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Distributive equality

Mind 124 (496):1045-1109 (2015)

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  1. Prioritarianism: A Response to Critics.Matthew D. Adler & Nils Holtug - 2019 - Politics, Philosophy and Economics 18 (2):101-144.
    Prioritarianism is a moral view that ranks outcomes according to the sum of a strictly increasing and strictly concave transformation of individual well-being. Prioritarianism is ‘welfarist’ as well as satisfying three further axioms: Pigou–Dalton, Separability, and Continuity. Philosophical discussion of prioritarianism was galvanized by Derek Parfit’s 1991 Lindley Lecture. Since then, and notwithstanding Parfit’s support, a variety of criticisms of prioritarianism have been advanced: by utilitarians, egalitarians, and sufficientists.In previous work, we have each endorsed prioritarianism. This article sets forth a (...)
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  • The Priority View.David McCarthy - 2017 - Economics and Philosophy 33 (2):215–57.
    According to the priority view, or prioritarianism, it matters more to benefit people the worse off they are. But how exactly should the priority view be defined? This article argues for a highly general characterization which essentially involves risk, but makes no use of evaluative measurements or the expected utility axioms. A representation theorem is provided, and when further assumptions are added, common accounts of the priority view are recovered. A defense of the key idea behind the priority view, the (...)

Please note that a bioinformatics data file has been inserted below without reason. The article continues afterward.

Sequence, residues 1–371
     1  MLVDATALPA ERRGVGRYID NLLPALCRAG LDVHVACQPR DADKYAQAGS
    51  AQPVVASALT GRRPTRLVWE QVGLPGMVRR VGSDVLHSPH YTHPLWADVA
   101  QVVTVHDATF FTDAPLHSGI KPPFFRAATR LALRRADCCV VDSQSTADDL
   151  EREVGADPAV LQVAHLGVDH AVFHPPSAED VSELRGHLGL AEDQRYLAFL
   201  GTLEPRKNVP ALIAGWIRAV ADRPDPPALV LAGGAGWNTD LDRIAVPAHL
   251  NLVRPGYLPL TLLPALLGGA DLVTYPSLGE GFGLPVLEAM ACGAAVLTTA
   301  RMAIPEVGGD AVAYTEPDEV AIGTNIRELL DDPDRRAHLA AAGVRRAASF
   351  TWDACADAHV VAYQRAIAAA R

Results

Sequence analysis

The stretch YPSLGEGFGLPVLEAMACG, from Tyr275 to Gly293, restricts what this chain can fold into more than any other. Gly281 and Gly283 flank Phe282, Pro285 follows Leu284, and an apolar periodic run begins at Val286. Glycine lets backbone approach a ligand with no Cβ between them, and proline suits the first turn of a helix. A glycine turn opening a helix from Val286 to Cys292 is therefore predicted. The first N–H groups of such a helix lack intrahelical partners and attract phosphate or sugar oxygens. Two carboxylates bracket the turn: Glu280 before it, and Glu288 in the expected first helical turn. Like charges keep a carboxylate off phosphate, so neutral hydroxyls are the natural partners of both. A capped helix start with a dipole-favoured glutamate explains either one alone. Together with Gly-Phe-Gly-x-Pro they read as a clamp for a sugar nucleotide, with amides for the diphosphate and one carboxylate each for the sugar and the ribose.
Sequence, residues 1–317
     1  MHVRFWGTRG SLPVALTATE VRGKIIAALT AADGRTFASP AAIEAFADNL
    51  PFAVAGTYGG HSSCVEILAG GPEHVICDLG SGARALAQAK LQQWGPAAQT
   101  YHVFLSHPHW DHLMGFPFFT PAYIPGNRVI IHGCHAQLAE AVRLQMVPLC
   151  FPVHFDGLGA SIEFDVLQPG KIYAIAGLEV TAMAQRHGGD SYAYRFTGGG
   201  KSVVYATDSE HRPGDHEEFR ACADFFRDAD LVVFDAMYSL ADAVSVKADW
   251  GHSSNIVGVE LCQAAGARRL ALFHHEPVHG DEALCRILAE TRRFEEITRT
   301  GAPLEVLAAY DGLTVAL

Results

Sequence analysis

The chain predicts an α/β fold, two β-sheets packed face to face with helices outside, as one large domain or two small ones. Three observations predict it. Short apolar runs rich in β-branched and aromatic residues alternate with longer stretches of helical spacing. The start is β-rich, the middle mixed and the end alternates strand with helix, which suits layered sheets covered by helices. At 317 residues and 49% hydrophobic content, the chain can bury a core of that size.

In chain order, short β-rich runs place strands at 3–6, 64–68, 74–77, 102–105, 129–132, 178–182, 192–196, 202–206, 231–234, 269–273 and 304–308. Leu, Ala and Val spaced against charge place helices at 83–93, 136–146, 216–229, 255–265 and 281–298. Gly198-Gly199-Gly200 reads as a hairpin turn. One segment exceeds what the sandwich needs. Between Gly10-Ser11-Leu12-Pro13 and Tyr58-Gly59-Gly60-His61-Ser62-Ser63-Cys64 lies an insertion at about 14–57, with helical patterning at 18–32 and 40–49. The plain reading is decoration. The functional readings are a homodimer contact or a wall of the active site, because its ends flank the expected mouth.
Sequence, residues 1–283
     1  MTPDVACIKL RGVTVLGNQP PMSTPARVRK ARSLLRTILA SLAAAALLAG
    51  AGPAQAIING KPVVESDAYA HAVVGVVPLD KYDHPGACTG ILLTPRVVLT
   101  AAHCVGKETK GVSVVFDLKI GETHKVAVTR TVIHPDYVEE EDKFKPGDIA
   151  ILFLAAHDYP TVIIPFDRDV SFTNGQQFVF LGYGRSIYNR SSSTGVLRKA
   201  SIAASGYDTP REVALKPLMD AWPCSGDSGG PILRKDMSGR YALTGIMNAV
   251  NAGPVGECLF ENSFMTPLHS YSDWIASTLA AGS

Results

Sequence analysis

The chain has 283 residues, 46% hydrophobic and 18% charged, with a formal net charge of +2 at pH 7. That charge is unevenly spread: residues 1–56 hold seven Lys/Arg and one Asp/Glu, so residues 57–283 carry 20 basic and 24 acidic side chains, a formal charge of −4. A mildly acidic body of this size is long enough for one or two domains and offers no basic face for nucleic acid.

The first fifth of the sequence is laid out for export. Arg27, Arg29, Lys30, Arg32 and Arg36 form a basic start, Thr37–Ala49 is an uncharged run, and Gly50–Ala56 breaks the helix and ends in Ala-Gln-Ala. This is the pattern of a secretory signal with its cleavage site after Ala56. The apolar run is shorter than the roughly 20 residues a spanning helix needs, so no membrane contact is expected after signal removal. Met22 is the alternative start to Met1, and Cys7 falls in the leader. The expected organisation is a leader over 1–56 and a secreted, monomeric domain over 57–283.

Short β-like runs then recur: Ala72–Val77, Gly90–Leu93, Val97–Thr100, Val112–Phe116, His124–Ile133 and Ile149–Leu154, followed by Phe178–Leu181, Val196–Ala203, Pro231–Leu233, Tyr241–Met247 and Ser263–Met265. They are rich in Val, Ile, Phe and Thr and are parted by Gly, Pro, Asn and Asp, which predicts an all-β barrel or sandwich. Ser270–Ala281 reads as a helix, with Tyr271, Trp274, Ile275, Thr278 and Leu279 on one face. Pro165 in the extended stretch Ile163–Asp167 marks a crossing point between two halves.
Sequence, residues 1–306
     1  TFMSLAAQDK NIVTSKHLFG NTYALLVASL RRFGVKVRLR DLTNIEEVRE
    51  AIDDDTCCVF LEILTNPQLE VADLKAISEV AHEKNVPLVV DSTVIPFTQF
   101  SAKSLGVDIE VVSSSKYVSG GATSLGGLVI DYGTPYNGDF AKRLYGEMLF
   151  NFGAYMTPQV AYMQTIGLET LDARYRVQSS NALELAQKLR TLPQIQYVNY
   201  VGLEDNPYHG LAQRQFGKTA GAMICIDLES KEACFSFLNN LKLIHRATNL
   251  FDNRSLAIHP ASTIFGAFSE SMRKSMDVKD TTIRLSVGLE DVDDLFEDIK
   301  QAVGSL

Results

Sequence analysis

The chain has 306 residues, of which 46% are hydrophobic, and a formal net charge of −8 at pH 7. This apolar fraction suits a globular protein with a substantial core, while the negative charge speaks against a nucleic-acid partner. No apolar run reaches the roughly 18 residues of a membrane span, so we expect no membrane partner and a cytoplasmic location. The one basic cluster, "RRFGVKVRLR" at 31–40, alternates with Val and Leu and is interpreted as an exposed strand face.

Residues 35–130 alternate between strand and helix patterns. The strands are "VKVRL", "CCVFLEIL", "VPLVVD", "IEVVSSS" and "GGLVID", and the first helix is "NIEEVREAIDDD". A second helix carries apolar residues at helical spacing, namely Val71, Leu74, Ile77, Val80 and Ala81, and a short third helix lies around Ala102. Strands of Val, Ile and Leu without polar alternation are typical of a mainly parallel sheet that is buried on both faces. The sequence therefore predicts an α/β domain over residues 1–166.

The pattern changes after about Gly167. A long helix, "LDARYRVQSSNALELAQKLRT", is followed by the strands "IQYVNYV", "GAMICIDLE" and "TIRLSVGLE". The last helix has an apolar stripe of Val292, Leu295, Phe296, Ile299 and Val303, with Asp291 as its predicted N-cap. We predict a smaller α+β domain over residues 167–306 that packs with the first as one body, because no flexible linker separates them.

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  • Against Anonymous Pareto.Eran Fish - 2019 - Utilitas 31 (1):3-19.
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  • Risk-Free Approaches to the Priority View.David McCarthy - 2013 - Erkenntnis 78 (2):421-449.
    Parfit advertised the priority view as a new and fundamental theory in the ethics of distribution. He never discusses risk, and many writers follow suit when discussing the priority view. This article formalizes two popular arguments for a commonly accepted risk-free definition of the priority view. One is based on a direct attempt to define the priority view, the other is based on a contrast with utilitarianism and egalitarianism. But neither argument succeeds, and more generally, it is not possible to (...)
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